Indiana Daily Student

OPINION: Using Taylor Swift’s ‘Folklore’ to decode baseball’s love triangle

<p>Taylor Swift&#x27;s new album, “Folklore,” was released July 24.</p>

Taylor Swift's new album, “Folklore,” was released July 24.

If you can imagine legendary pitcher Nolan Ryan firing a curveball toward a blindfolded kindergartener fresh out of T-ball practice, you’d have an idea of what 2020 threw at the United States.

In a year marred by the coronavirus pandemic, Americans have craved the evergreen pastimes on which they once relied. Fortunately, one of those cherished cultural touchstones has made its triumphant return. What’s more classically American than Taylor Swift producing sensational music?

Fans have postulated that Swift’s new album, “Folklore,” tells the tangled story of a teenage love triangle primarily through the records “Cardigan,” “Betty” and “August,” each providing a different point of view to the modern-day Shakespearian tragedy. Listening to these dulcet, melancholy tracks, I was reminded of my own complex relationships with Major League Baseball and the Korean Baseball Organization.

These parallels appear in the song “Cardigan,” which is presumably written from the perspective of the aforementioned Betty, who feels neglected and unwanted. In my case, this role is portrayed by MLB. 

The 1994 player’s strike, compounded with the myriad controversies of the “steroid era,” led many to look down on professional baseball, manifesting in rapidly decreasing attendance by the turn of the century. 

“And when I felt like I was an old cardigan under someone’s bed, you put me on and said I was your favorite,” Swift sings with all the heartache of somebody who has swung for a soul mate and struck out more often than Reggie Jackson

When the Chicago Cubs defeated the Cleveland Indians in seven thrilling games in 2016 to claim their first World Series since 1908, the league became suddenly alluring to myself and millions of other spectators. Witnessing a team synonymous with mediocrity ascend to champion status gave way to a brief stretch of total adoration for the sport.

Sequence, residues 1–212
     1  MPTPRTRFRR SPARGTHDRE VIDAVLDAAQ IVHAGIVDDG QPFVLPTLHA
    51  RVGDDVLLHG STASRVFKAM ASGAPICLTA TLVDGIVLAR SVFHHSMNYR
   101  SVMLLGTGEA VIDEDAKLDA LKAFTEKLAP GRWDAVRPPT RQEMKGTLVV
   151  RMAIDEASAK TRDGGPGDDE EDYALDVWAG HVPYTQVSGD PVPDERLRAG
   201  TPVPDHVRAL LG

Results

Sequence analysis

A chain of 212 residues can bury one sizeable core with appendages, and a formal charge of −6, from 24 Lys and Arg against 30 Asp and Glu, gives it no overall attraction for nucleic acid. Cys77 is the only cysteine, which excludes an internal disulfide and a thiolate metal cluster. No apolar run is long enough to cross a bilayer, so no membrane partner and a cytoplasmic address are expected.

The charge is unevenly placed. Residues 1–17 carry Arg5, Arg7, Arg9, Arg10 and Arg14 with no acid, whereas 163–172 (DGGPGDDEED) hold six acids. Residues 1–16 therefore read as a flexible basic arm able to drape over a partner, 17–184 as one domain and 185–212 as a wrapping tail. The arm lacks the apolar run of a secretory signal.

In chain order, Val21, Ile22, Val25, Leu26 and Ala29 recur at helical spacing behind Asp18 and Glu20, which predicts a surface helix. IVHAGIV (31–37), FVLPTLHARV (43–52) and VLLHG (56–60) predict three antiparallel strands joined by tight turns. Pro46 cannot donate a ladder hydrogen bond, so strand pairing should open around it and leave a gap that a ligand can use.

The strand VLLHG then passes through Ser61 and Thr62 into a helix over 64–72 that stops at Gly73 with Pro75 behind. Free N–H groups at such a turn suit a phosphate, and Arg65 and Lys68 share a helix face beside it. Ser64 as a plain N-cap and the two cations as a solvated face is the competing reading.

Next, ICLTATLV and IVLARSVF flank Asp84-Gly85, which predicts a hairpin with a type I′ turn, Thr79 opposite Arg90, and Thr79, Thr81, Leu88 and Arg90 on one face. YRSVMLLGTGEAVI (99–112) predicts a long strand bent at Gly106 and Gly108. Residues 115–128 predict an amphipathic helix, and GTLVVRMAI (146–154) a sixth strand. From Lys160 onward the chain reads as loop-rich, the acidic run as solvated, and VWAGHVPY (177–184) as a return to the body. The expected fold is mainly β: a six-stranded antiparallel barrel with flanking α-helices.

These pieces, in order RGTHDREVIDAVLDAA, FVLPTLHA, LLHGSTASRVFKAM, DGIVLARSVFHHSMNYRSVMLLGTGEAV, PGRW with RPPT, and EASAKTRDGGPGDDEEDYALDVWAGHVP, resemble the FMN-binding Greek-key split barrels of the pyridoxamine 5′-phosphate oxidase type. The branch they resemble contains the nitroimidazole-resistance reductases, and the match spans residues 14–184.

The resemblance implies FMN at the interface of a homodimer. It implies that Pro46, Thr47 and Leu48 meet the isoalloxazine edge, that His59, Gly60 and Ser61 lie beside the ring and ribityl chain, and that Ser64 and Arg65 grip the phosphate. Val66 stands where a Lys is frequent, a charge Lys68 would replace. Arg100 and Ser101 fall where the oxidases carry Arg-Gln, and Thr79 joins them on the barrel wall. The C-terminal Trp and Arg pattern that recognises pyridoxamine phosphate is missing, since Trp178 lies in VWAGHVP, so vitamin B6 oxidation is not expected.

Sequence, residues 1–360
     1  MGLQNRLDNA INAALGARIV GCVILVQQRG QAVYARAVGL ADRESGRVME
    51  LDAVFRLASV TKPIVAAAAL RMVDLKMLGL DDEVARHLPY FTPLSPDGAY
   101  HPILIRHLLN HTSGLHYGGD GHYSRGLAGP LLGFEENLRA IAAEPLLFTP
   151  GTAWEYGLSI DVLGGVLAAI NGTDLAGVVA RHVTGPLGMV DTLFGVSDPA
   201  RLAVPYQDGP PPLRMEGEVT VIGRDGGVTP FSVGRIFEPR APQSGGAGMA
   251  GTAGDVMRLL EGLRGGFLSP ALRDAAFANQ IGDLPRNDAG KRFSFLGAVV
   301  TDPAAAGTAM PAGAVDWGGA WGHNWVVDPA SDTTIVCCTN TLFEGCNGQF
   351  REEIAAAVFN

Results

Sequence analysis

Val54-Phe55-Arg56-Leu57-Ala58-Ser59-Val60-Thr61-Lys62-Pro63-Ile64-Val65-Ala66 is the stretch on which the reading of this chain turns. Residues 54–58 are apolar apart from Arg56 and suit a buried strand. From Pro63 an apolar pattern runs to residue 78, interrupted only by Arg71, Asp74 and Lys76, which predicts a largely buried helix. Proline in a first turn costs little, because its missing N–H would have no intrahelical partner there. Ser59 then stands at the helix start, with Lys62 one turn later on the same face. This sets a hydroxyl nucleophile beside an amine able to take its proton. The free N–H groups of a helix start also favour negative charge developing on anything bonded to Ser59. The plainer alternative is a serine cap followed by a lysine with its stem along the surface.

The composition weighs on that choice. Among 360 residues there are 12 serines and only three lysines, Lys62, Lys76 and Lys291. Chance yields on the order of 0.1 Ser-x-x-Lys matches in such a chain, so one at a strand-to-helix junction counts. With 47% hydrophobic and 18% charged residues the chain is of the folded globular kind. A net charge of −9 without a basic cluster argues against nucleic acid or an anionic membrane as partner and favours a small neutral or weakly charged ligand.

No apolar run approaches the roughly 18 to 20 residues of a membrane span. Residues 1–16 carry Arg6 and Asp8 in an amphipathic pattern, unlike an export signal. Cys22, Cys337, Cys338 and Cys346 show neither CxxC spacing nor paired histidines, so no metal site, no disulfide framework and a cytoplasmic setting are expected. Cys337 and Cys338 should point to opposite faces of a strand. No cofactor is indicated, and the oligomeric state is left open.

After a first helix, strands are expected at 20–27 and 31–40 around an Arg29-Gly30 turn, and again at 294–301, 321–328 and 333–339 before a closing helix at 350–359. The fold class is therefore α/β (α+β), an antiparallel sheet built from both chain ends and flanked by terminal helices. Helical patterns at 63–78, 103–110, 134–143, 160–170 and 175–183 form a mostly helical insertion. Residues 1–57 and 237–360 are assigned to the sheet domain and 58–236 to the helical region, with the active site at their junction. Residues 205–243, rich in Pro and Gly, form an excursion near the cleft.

However, the honeymoon phase can only last so long. My partnership with MLB faced its ultimate test when the coronavirus struck and sent everything spiraling. 

In my weakest moments during MLB’s hiatus, I was approached by the KBO. James, the narrator in “Betty,” refers to his temptress and subsequent mistress as “a figment of my worst intentions,” an equally fitting description for the KBO. 

I admired MLB for its traditional values. Yet there came the KBO with bat-flipping and exciting mascots like Dinos, Heroes and Wyverns. Though I’m not proud of my disloyalty, I won’t deny the fun I had.

Of course, MLB has returned, and it knows exactly what I’ve done. I face a crossroads and must declare my allegiance in the upcoming month of August. In Swift’s ballad of the same name, James’ secret companion expresses her anguish at being his second choice.

“So much for summer love and saying ‘us,’ cause you weren’t mine to lose,” she begrudgingly accepts. The KBO endures similar feelings. Did I ever really belong to it, or was I merely lost in a thrill trying to find my way back to MLB?

“I dreamt of you all summer long,” James confesses in “Betty.” Perhaps every time I saw NC Dinos star Park Min-woo belt a home run, I was imagining Freddie Freeman standing in Min-woo’s cleats. 

So I’ve made up my mind. I miss MLB, and though it pains me, I’m content letting August “slip away into a moment in time” for the KBO. 

“Would you have me, would you want me? Would you trust me if I told you it was just a summer thing?” I beg as James does in “Betty.” But simply because I bare my emotions, forgiveness is far from guaranteed. Numerous positive coronavirus tests throughout the league have put its future with me in jeopardy.

“Chase two girls, lose the one,” Betty warns in “Cardigan.” I can’t fault the MLB for ghosting me, nor can I blame the KBO for labeling me as a fake fan after our brief fling.

I’ve learned the same lesson as countless batters before me. I greedily ran for a double, and now I’m getting called out.

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